A Brief and Decidedly Incomplete History of Valentine’s Day

Everyone has an opinion on Valentine’s Day, regardless of their relationship status. There are angry and bitter singles who hate that there is a whole day dedicated to those in relationships. There are those in relationships, and they make it known… All. Day. Long. There are people in relationships who loathe the holiday because of the unspoken obligation to outwardly express their love with flowers, chocolates, and, most economically draining, thoughtful gifts. So when did Valentine’s Day start and why has it turned from a holiday about love to a holiday about money?


Saint Valentine, The Catholic Church, and the Romans


There was a law in Rome in the third century that discouraged marriage because Emperor Claudius II believed marriage made soldiers weak. Saint Valentine, a priest at the time, disagreed with this belief and once the emperor found out about their difference of opinion, he jailed Valentine. While in jail awaiting execution, Valentine fell in love with the jailer’s daughter. He left her a note before he was put to death that was signed, “from your valentine.” There is another version of the story that claims there were two men, both named Valentine, who were executed on February 14 and their martyrdom was honored by the Catholic Church.

Though these two tales gave us the name of the holiday, the feast day of Saint Valentine also falls on the same day as Lupercalia to give us a holiday surrounding love and romantic relationships. Lupercalia was a holiday celebrated by the Romans in the beginning of spring, filled with nudity, whipping women in the hopes of improving their fertility, sexual relations among couples, and animal sacrifice… yikes. Not exactly how we celebrate Valentine’s Day today, but it was the first time love and the concept of a valentine was connected to February 14.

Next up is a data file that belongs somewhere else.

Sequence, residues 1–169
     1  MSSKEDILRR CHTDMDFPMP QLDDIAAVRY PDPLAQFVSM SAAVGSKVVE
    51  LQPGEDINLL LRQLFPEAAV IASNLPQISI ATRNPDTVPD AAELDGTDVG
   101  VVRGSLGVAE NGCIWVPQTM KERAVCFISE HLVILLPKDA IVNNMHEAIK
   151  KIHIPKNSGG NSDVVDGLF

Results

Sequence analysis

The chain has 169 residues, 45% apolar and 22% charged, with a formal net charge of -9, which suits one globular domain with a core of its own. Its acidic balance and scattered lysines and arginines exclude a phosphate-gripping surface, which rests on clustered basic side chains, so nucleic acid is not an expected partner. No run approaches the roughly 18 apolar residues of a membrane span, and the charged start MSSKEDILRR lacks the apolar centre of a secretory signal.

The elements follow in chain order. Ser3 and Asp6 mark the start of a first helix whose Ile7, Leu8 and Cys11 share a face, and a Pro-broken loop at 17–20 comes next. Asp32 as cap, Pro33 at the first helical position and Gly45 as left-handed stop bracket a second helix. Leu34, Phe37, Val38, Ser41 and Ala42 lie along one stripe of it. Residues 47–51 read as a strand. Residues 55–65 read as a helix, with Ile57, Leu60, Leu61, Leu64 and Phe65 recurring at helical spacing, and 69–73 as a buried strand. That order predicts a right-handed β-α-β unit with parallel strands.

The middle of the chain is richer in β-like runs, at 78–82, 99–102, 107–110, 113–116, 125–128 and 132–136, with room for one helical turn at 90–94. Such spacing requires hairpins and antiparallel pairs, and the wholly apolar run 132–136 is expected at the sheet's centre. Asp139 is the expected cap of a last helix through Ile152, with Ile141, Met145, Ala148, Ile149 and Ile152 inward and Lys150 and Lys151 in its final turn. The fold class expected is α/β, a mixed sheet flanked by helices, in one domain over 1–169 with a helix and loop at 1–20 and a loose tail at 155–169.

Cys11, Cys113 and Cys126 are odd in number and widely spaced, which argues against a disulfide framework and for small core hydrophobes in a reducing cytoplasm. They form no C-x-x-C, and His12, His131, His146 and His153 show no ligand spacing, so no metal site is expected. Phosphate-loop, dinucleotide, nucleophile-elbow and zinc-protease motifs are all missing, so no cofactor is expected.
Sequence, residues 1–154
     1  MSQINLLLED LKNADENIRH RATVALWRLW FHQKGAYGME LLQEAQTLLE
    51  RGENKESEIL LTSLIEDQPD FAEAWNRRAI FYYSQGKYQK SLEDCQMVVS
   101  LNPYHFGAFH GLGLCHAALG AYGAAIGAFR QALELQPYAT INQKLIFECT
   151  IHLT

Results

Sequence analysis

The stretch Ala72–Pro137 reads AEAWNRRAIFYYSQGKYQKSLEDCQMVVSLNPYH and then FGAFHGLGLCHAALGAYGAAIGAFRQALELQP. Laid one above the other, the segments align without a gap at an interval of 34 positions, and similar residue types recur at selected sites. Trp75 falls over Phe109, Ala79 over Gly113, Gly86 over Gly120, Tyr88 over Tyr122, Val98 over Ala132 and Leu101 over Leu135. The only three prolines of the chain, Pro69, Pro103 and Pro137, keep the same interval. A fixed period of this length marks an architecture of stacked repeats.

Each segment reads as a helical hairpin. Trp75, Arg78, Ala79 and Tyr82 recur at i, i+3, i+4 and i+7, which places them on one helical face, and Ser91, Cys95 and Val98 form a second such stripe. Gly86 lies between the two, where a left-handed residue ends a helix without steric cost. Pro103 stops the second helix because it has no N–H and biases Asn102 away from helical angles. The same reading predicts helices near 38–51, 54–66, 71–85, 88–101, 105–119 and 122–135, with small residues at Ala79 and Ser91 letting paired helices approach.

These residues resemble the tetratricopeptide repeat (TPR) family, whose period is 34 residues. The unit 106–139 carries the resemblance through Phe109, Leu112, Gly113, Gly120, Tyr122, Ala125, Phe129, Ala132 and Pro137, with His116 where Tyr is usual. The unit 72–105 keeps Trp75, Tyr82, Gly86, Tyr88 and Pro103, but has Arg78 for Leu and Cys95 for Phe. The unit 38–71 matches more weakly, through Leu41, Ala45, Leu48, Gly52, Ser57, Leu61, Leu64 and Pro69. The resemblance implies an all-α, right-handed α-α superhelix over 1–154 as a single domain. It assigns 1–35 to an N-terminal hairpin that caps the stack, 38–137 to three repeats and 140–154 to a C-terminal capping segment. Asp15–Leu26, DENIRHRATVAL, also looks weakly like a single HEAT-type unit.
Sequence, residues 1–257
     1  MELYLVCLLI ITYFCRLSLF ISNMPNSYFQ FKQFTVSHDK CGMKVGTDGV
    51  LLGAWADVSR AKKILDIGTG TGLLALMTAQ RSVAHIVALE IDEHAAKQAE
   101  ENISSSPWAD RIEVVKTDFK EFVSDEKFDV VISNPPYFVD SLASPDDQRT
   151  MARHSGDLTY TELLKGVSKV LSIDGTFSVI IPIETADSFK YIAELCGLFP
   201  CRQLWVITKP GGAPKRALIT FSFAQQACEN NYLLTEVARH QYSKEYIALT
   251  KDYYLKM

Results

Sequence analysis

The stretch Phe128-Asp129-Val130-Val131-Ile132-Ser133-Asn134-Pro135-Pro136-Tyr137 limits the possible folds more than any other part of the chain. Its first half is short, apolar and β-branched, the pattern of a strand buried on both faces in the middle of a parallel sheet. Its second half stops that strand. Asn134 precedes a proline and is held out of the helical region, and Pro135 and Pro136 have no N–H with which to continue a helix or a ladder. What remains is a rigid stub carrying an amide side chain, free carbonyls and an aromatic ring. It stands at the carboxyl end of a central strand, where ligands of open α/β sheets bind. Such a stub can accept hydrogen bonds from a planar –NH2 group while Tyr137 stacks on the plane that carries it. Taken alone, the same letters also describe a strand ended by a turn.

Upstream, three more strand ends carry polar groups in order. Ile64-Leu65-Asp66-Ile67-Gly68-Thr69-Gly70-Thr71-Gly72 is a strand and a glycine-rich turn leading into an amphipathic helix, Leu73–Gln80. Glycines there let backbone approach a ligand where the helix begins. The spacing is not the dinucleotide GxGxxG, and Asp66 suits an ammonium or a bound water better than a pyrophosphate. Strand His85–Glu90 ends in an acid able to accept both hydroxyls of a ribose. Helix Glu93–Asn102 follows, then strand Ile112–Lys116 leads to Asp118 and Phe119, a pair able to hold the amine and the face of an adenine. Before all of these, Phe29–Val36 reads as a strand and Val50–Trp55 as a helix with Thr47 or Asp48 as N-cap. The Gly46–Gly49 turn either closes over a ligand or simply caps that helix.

My lips, two blushing pilgrims, ready stand to smooth that rough touch with a tender kiss.” William Shakespeare. Whether you love or hate his work, we have all heard of The Lamentable Tragedy of Romeo and Juliet. Countless other works have been inspired by these star-crossed lovers, and many believe it is the most romantic story that has ever been told. Shakespeare also alludes to Cupid and Saint Valentine in his comedy A Midsummer Night’s Dream. Writers, including Shakespeare, often tell stories of young couples, replete with romantic monologues and impulsive acts of passion. Chaucer references Valentine’s Day in one of his poems. Donne uses cheerful adjectives while talking about the birds chirping on Valentine’s Day. These classic authors discuss the love in the air and the butterflies in the stomachs of couples on Valentine’s Day. The way literature romanticizes the holiday has undoubtedly affected how we view the holiday today.


The Commercialization of Valentine’s Day in the United States

Specifically in the United States, magazines and popular publications in the 1840s began endorsing Valentine’s Day and convincing the public to purchase gifts for their significant others on the holiday. Cards, chocolates, jewelry, and thus, Valentine’s Day became about how nice of a gift one can get for their significant other.

Hallmark played the largest part in shaping Valentine’s Day into the red-and-pink heart-filled spectacle we see today. The company began offering Valentine’s Day cards in 1913 and mass producing them in 1916. Thank you Hallmark for our Valentine’s Day traditions, including the overpriced cards and cupid-themed knick-knacks.

There will always be those couples who don’t care about the holiday, and others who countdown to February 14. There are hopeless romantics who are looking for their perfect match on the holiday, while some singles spend the day with their closest friends. But now that you know the origins of Valentine’s Day, and why part of the tradition is to write love notes, do you love or loathe the holiday?

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